Flying over Ukraine was a risk-opportunity calculation for all the airlines—sorry to be that cold. The route is popular for flights between Europe and Asia and re-routing over Turkey and Bulgaria, as many started doing yesterday, is simply less cost-efficient.

The warnings were probably not strong enough. But, let's be honest, very few would have imagined a civil airliner being shot down like that.

The risk was thought to be too remote.

A Buk missile can hit a target at 49,000 feet. (image credit: WSJ)

The closing of the airspace should also solve the maddening issue that FlightRadar24 raised earlier today:

Airlines shouldn't have been telling their customers they're avoiding the doomed airspace if they ended up doing so. No BS. No excuses.

I'm glad that, as customers, we have access to the technology to witness this. 

Below, an example on how MH reacted, re-routing its following flights ASAP.

MH17, This is Hell

In the wake of the terrible tragedy that happened to flight MH17 yesterday, I'm still in shock. The circumstances and the human cost is above and beyond everything many of us, air travel lovers, would imagine possible.

“This is not a disaster,” says a local commander called Aleksey, “it is Hell.”

Noah Sneider has written a vivid account of the crash site in The Economist. He's been on the ground, tweeting what he's witnessing


Then he saw things that looked like pieces of cloth coming fast toward the earth.

The NYTimes' report from last night is not an easy read either.

I personally know people who lost colleagues on that flight (many passengers were based in Geneva, my hometown, working in multinationals, NGOs and the UN system). That makes it even closer to home for me.

Although there had been many warnings before, airlines are now avoiding the Ukrainian airspace. It's unknown how long this will be the case for.

The Ukrainian airspace is being avoided, not even hours after the MH17 catastrophe. (image credit: FlightRadar24)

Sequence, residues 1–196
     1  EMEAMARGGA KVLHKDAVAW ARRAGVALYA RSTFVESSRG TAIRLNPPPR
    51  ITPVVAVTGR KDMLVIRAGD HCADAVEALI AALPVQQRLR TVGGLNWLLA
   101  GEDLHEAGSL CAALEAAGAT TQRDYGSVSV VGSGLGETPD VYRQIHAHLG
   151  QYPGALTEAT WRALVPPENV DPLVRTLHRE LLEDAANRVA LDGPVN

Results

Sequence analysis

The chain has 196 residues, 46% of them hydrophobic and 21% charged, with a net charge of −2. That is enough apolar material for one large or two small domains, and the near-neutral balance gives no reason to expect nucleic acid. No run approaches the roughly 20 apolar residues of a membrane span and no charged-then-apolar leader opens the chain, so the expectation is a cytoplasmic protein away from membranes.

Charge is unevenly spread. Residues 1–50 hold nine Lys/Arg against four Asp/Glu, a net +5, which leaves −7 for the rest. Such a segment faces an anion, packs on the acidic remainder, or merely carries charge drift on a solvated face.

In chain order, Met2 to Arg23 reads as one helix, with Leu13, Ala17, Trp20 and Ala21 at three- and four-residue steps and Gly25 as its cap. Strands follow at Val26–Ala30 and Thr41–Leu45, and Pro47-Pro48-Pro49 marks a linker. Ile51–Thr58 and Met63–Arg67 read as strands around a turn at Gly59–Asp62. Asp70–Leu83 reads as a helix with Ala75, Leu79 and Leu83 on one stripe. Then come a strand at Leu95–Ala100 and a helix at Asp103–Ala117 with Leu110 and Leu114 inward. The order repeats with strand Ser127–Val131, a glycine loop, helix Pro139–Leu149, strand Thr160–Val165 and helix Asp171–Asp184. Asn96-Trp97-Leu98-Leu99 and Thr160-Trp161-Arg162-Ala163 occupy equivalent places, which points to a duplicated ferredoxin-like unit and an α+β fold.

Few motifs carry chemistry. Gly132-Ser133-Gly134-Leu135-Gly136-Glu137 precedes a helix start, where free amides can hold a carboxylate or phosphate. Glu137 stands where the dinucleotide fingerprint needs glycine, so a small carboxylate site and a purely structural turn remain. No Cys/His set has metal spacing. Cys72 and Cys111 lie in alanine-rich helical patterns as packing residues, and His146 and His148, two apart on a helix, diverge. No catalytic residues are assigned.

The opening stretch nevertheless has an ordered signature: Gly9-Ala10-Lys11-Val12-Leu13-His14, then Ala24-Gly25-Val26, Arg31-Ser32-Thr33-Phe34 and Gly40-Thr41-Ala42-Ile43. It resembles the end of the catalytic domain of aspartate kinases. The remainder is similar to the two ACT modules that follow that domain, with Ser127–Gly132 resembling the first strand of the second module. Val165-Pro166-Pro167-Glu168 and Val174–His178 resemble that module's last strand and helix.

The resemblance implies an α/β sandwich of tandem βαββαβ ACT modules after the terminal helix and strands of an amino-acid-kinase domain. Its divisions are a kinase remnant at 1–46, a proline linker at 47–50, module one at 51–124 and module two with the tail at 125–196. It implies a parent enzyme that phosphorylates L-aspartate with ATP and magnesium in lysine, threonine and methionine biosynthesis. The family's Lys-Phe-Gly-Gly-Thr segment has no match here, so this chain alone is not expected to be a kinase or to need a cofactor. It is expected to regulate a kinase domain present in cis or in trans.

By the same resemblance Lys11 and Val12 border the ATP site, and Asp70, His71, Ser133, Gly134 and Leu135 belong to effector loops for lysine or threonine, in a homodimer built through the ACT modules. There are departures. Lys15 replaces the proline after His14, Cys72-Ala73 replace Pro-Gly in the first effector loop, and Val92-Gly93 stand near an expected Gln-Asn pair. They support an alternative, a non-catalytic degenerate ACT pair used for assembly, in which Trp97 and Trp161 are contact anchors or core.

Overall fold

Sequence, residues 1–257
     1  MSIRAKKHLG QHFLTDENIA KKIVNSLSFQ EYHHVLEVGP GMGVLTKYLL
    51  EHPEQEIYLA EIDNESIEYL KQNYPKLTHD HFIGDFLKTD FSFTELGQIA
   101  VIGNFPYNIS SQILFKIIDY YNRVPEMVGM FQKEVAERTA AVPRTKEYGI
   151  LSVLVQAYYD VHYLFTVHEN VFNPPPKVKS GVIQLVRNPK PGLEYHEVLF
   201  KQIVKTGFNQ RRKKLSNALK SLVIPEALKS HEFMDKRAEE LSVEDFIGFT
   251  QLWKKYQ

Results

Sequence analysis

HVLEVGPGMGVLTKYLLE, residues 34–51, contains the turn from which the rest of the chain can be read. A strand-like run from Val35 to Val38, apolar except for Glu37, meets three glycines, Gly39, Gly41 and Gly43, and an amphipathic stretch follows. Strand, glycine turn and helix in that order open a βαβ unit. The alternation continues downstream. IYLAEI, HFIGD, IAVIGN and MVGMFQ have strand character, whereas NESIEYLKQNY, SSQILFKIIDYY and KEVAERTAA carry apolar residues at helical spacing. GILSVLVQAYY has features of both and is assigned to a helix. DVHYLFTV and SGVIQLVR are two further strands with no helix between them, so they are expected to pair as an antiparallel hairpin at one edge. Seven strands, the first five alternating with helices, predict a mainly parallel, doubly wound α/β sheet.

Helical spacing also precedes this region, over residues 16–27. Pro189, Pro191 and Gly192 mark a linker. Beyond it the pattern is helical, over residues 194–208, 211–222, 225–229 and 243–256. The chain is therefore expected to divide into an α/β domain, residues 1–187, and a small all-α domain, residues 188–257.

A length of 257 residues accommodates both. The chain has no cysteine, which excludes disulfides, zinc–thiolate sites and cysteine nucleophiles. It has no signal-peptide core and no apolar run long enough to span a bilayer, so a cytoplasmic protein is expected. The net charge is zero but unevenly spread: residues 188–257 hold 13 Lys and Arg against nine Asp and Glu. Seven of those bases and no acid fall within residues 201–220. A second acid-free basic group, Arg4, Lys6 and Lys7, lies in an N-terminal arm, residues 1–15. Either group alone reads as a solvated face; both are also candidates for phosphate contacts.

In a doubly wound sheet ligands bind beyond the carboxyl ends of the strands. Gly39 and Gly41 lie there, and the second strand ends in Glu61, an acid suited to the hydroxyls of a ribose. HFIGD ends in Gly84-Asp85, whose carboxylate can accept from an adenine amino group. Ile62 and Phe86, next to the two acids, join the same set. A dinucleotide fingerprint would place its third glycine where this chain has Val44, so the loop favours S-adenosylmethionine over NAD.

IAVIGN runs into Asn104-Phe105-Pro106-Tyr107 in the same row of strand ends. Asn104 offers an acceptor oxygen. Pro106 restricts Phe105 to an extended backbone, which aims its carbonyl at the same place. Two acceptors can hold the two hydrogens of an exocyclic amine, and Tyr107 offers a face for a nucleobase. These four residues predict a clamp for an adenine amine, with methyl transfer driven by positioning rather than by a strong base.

In the murky situation that is Eastern Urkaine now, it seems pretty certain that the airliner was shot down. Shot down. God.

US intelligence service reportedly detected a missile launch and are actively tracking its source. Reports are questioning who shot the airliner down, although the NYTimes has given us an intercepted audio that points responsibilities. But was it an error?

The Daily Mail has this transcript of the alledged culprits. (image credit: Daily Mail)

The Daily Mail has this transcript of the alledged culprits. (image credit: Daily Mail)

It seems unlikely that it was a complete "mistake". A surface-to-air system able to precisely hit a target at 30,000 feet needs multiple people to operate. Skilled and trained people. With a civilian aircraft that has distinctive heat traces and transponders—though an IFF system might have been shut down or simply absent here.

They should not fly, we are at war here.


There are bound to be conflicting reports, war of words, finger pointing and behind-the-scenes manipulation. After all, the region is already a war scene. It's even impossible to know if the public will ever get a straight answer.

Poor Malaysia Airlines didn't need that after MH370.

As I was going to grab milk earlier this morning, I saw some of the headlines of the British press: disbelief, anger, sadness.

The Daily Mail seemingly taking what US Senator McCain said on MSNBC yesterday.

[There will be] hell to pay, and there should be
— John McCain

Anger again. 

I love flying. I really love the Boeing 777 too, one of the safest planes around.

I don't want to live in a world where civilian aircrafts become random targets

I don't want anger in the skies.